Things in my head didn't feel right. The silence in everything was too loud.

I listened for the bugs again, but nothing. Thought maybe it hadn't been a chorus but a coda after all. 



I wanted to tell you about the ones who watch. But I lost the thread. Look, if you have to begin again, whatever story you were trying to tell is no longer the same story. 

So take two.

They are the ones who watch.

Different ones. They are dirty and silent and sit on the landings of broken motels, and they wait. Surveilling some squandered lot under a pewter sky.

A gravestone is a lozenge. Place it on your hungry tongue and wait while it dissolves. This might take a while. Decades even. Until… ah, death (death you rascal, you holy, holy rogue) is now inside you, as it should be. Let us meet again beneath a canopy of green, smiling and true, and grab my forearm, clasp my augmentations, my fingers as you insist on calling them, as they gesture and curl, urging unity, emblematic of accord, my compañeros, my luminous sisters, my radiant brothers, and wait. 

Sounds arrive, fashioned from beachcombed shells and the gentle breath of a hundred tides. An inner ear and some vulvic sculpture, such tender whorls and devotional twists of flesh. Folds and fabrications. To listen is to love. 

Following the atrocity, you arrive late at night. Unobserved, you think. Sleep a fitful hour or two. Moments after a weak and dilute dawn withdraws in shame, the children flock and sing their crude atonal rhymes beneath your window, and reluctantly you stagger from your bed to witness them. 

"Mister, we know why you're here!" shouts one, because they're the children of the ones who watch. 

But you can't let it go, because comedy, so you call back.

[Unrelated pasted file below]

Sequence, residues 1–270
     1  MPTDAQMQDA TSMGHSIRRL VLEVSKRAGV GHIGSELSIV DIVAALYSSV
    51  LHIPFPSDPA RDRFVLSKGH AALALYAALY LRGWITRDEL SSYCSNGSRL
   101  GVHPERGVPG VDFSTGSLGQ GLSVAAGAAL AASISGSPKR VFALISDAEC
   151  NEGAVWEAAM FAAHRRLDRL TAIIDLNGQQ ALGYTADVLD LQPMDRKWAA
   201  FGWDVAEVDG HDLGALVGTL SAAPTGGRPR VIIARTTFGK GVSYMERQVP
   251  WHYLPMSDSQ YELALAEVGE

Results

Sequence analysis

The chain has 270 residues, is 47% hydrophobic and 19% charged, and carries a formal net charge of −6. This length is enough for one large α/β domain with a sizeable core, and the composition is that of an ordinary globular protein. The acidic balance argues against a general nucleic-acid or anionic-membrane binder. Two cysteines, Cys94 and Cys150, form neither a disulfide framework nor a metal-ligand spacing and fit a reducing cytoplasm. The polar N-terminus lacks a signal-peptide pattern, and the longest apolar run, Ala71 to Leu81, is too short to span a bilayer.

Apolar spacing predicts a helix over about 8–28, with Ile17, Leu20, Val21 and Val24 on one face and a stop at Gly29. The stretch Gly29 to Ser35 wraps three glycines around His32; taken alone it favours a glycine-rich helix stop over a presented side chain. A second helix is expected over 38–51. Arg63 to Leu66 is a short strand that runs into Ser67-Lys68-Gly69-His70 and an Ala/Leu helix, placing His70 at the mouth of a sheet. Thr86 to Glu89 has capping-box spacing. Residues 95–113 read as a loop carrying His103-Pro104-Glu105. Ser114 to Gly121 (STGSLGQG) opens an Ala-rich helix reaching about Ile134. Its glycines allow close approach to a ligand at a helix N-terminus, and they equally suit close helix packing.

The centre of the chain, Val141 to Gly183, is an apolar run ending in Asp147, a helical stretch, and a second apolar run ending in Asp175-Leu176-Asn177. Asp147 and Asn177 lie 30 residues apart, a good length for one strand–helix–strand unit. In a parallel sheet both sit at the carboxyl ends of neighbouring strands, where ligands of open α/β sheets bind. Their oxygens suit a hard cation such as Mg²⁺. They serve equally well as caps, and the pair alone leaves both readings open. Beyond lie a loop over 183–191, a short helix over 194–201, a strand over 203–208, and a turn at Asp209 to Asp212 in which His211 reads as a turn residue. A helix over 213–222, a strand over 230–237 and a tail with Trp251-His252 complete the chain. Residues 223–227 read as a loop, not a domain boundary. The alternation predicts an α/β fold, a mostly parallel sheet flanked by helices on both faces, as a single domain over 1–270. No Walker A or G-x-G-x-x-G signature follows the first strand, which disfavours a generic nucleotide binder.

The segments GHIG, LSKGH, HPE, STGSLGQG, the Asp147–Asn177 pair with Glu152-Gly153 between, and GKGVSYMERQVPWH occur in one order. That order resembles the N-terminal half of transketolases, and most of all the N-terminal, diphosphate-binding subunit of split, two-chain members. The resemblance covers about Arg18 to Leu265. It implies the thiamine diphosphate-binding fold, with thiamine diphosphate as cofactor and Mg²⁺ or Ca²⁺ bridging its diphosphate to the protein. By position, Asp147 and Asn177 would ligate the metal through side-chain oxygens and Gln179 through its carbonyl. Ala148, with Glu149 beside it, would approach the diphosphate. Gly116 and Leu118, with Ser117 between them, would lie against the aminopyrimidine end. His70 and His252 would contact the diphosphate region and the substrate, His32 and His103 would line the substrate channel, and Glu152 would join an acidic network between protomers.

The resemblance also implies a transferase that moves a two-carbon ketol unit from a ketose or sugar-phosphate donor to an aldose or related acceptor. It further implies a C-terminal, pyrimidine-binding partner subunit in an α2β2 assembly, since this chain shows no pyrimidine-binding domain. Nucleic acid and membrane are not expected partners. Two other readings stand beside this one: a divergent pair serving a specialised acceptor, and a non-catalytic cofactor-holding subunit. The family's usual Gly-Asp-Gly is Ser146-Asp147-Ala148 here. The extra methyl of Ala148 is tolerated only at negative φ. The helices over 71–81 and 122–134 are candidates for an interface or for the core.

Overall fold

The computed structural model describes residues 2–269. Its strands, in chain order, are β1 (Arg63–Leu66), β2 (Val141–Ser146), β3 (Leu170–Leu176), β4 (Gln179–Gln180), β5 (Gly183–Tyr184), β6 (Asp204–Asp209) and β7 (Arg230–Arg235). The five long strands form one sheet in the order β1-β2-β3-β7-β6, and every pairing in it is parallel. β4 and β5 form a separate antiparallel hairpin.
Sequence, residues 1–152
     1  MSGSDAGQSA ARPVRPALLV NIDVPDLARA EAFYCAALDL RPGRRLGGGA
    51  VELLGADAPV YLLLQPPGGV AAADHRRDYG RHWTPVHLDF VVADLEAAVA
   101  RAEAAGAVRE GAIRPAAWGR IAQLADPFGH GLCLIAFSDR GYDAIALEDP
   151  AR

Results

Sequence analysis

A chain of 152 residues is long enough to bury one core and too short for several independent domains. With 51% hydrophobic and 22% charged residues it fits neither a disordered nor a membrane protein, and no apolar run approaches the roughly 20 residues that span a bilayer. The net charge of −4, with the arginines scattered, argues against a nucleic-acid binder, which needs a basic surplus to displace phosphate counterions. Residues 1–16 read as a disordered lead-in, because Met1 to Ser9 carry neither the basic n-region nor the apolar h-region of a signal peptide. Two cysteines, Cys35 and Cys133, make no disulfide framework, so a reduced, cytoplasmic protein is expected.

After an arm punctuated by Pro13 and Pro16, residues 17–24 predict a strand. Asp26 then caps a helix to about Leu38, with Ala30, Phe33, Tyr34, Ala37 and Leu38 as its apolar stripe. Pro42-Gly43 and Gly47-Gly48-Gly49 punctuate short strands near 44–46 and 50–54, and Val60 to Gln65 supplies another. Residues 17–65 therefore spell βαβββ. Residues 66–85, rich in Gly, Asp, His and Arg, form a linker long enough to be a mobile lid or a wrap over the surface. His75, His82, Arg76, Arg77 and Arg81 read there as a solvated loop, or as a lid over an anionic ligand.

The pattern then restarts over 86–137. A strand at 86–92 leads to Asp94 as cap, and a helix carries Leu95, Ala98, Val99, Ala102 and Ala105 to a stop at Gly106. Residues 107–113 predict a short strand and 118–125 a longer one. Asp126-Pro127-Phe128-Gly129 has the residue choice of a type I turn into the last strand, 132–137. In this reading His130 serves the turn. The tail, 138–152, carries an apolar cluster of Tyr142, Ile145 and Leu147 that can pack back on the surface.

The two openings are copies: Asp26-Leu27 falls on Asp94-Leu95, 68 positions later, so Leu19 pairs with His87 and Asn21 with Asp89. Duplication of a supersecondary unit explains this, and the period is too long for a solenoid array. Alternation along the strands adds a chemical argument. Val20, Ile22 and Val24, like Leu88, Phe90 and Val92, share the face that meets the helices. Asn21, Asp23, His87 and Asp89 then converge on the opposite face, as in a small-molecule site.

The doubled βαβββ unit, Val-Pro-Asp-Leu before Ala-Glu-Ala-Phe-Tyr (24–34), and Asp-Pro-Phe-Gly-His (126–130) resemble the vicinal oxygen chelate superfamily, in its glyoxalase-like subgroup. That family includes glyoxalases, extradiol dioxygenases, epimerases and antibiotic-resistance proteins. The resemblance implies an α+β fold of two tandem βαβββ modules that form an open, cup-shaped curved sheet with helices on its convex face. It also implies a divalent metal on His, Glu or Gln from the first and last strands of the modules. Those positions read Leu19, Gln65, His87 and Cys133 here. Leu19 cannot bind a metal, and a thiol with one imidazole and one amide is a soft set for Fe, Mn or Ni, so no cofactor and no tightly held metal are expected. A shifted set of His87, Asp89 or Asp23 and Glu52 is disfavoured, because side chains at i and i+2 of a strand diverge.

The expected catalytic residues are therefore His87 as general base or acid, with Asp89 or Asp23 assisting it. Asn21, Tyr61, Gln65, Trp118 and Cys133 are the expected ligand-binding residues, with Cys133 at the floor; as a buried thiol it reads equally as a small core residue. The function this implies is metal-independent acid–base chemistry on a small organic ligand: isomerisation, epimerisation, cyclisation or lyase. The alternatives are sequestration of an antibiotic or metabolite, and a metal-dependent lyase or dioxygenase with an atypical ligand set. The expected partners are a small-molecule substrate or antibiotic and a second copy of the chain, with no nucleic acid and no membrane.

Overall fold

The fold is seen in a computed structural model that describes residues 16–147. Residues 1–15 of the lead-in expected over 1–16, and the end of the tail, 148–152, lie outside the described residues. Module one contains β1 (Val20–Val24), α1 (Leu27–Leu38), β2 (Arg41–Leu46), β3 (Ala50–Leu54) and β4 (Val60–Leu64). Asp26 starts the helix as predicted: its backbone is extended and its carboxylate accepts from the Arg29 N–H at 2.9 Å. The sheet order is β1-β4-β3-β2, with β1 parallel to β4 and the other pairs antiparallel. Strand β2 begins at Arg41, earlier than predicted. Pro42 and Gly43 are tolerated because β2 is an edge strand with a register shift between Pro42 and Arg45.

"Of course you do. It's because this tale needs a Greek chorus."

And instead of retreat or bewilderment, the children's grimy faces under the lice-swarming tangles once known as hair crease with such genuine joy that it brings you to your knees, and you begin to sob like a small child yourself, one who first believed the promised gift would be a pony or a trainset before you opened it and found the irradiated post-tsunami ruins of a miniature coastal town, which turned out, stunningly and over time, to be a more apposite bestowal.

Because, mindful now, you watch too.

How funny tragedy is. How hilarious the unfolding of awful things, witnessed from some window with a flower box beneath it, while songbirds gather staves and clefs for abstract nests from which they compose and perform something lovely, even though friends and colleagues plummet in fiery feathered arcs around them. 

It doesn't take a giant rock. Just millions of smaller ones. 

And still we laugh. Because it's funny. There's literally nothing in this world that isn't funny. Otherwise nothing is.


The Method, Man